Date
22 September 2017
US Ambassador to the United Nations Nikki Haley holds photographs of victims during a UN Security Council meeting on Syria in New York City on Wednesday. Photo: Reuters
US Ambassador to the United Nations Nikki Haley holds photographs of victims during a UN Security Council meeting on Syria in New York City on Wednesday. Photo: Reuters

Trump says poison gas attack in Syria crossed many lines

US President Donald Trump accused Syrian President Bashar al-Assad’s government of going “beyond a red line” with a poison gas attack on civilians.

He said his attitude toward Syria and Assad had changed, opening a rift with Moscow, Reuters reports.

Trump declined to say how or whether his administration would respond but said the attack, which killed at least 70 people, many of them children, “crosses many, many lines”, an allusion to his predecessor Barack Obama’s threat to topple Assad with air strikes if he used such weapons.

“I will tell you, what happened yesterday is unacceptable to me,” Trump told reporters at a news conference with Jordan’s King Abdullah on Wednesday.

“And I will tell you, it’s already happened that my attitude toward Syria and Assad has changed very much.”

However, when asked at an earlier meeting whether he was formulating a new policy on Syria, Trump said: “You’ll see.”

US officials rejected Russia’s assertion that Syrian rebels were to blame for the attack.

Trump’s comments, which came just a few days after Washington said it was no longer focused on making Assad leave power, suggested a clash between the Kremlin and Trump’s White House after initial signals of warmer ties.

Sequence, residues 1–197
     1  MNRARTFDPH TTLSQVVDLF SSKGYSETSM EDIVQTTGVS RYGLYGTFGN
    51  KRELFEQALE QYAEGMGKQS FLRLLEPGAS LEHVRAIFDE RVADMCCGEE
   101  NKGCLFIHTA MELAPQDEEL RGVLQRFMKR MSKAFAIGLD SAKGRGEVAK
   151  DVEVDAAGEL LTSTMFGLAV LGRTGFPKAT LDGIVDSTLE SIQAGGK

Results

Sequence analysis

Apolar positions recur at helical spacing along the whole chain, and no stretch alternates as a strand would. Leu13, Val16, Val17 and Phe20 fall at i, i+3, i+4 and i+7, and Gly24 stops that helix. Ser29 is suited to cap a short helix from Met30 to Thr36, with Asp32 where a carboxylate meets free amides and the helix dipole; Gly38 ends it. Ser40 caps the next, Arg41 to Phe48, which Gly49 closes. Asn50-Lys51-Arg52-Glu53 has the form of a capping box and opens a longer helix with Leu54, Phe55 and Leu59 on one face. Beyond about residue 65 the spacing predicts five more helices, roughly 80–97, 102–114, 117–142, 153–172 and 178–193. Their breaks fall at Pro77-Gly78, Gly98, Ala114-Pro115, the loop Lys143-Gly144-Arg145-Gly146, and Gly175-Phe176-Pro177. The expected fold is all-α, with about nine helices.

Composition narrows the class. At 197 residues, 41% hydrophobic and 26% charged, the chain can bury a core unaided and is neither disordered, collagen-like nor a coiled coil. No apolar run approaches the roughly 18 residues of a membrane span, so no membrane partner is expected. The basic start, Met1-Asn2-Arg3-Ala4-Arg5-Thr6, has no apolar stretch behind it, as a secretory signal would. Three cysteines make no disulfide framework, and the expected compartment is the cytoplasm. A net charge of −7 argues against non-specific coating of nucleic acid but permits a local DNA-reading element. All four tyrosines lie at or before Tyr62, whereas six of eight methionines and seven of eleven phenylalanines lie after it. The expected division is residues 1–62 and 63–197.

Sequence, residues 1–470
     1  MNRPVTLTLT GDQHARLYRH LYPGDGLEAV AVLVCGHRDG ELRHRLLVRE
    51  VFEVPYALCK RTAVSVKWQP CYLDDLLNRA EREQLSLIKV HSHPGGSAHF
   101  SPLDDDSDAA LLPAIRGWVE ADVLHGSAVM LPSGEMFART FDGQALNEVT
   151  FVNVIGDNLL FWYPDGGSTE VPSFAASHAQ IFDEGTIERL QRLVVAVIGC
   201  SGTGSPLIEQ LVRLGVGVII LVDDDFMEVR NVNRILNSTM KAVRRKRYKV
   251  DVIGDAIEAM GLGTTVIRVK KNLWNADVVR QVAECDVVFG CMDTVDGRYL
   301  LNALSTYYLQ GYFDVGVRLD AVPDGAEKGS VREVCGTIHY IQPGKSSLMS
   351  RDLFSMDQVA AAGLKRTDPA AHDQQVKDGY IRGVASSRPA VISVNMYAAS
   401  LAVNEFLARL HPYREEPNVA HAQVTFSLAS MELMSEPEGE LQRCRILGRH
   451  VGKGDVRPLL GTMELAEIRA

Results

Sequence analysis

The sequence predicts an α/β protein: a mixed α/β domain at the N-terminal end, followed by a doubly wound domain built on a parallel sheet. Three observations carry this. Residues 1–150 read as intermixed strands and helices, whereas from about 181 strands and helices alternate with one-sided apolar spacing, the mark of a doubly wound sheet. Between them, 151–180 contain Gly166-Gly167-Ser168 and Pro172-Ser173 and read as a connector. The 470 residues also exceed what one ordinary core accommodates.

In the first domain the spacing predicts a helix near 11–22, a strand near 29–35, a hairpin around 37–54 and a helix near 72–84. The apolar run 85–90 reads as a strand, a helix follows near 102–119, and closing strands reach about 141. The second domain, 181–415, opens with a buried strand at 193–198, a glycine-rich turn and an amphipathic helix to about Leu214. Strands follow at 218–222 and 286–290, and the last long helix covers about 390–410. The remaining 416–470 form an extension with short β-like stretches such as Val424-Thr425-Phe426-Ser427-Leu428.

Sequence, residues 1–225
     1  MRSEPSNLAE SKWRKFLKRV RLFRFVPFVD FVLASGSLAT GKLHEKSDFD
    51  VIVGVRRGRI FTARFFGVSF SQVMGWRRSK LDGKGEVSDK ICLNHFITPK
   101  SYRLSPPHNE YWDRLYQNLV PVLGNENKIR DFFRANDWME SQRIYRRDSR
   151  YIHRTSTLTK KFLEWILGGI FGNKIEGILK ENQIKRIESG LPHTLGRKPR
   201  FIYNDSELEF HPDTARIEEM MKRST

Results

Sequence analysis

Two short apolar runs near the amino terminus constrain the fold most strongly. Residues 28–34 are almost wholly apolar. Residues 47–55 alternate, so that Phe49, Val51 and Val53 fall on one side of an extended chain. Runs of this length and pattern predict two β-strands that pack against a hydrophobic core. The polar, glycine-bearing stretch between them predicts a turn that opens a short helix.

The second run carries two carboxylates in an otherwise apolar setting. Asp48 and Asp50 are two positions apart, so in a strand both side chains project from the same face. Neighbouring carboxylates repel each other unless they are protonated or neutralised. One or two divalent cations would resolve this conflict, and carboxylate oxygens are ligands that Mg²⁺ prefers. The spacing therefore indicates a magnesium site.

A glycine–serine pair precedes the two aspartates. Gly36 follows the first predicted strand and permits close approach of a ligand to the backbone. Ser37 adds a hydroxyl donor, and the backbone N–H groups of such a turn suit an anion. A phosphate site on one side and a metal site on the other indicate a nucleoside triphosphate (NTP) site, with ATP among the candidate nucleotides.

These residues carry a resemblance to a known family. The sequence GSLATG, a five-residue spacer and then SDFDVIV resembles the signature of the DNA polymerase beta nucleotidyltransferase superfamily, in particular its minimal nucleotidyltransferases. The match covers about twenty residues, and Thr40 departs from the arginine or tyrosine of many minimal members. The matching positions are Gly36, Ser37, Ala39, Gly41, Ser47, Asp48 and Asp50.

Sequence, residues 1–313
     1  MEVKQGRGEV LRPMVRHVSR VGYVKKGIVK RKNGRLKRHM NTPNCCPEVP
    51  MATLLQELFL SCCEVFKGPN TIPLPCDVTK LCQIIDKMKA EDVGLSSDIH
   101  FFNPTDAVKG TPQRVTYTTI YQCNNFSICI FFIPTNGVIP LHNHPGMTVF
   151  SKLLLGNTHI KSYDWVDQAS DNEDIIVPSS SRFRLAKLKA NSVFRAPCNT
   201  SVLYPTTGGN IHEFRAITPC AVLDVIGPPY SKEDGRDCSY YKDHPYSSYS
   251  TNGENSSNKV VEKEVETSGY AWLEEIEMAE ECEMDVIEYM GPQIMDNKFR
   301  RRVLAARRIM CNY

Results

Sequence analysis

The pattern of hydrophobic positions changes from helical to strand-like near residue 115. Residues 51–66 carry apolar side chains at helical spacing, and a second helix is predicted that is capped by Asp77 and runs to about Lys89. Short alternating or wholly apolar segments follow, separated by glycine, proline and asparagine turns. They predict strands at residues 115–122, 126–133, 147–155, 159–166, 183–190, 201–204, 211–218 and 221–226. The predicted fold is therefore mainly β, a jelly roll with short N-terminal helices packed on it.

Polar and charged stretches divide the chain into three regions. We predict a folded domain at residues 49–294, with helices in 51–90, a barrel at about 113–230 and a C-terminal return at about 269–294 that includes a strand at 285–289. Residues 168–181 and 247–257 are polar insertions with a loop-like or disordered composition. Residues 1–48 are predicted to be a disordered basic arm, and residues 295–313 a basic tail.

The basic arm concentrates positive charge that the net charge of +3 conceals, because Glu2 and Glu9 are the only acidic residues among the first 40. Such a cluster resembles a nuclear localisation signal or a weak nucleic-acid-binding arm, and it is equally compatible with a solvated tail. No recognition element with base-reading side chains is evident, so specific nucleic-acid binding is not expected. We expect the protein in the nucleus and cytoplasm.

Trump did not mention Russia in his comments on Wednesday but Secretary of State Rex Tillerson said it was time for Russia to think carefully about its support for Assad.

Western countries, including the United States, blamed Assad’s armed forces for the worst chemical attack in Syria for more than four years.

US intelligence officials, based on a preliminary assessment, said the deaths were most likely caused by sarin nerve gas dropped by Syrian aircraft on the town of Khan Sheikhoun on Tuesday.

A senior State Department official said Washington had not yet ascertained it was sarin.

Moscow offered an alternative explanation that would shield Assad: that the poison gas belonged to rebels and had leaked from an insurgent weapons depot hit by Syrian bombs.

A senior White House official, speaking on condition of anonymity, said the Russian explanation was not credible. “We don’t believe it,” the official said.

The US, Britain and France have proposed a draft UN Security Council resolution that would condemn the attack; the Russian Foreign Ministry called it “unacceptable” and said it was based on “fake information”.

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CG

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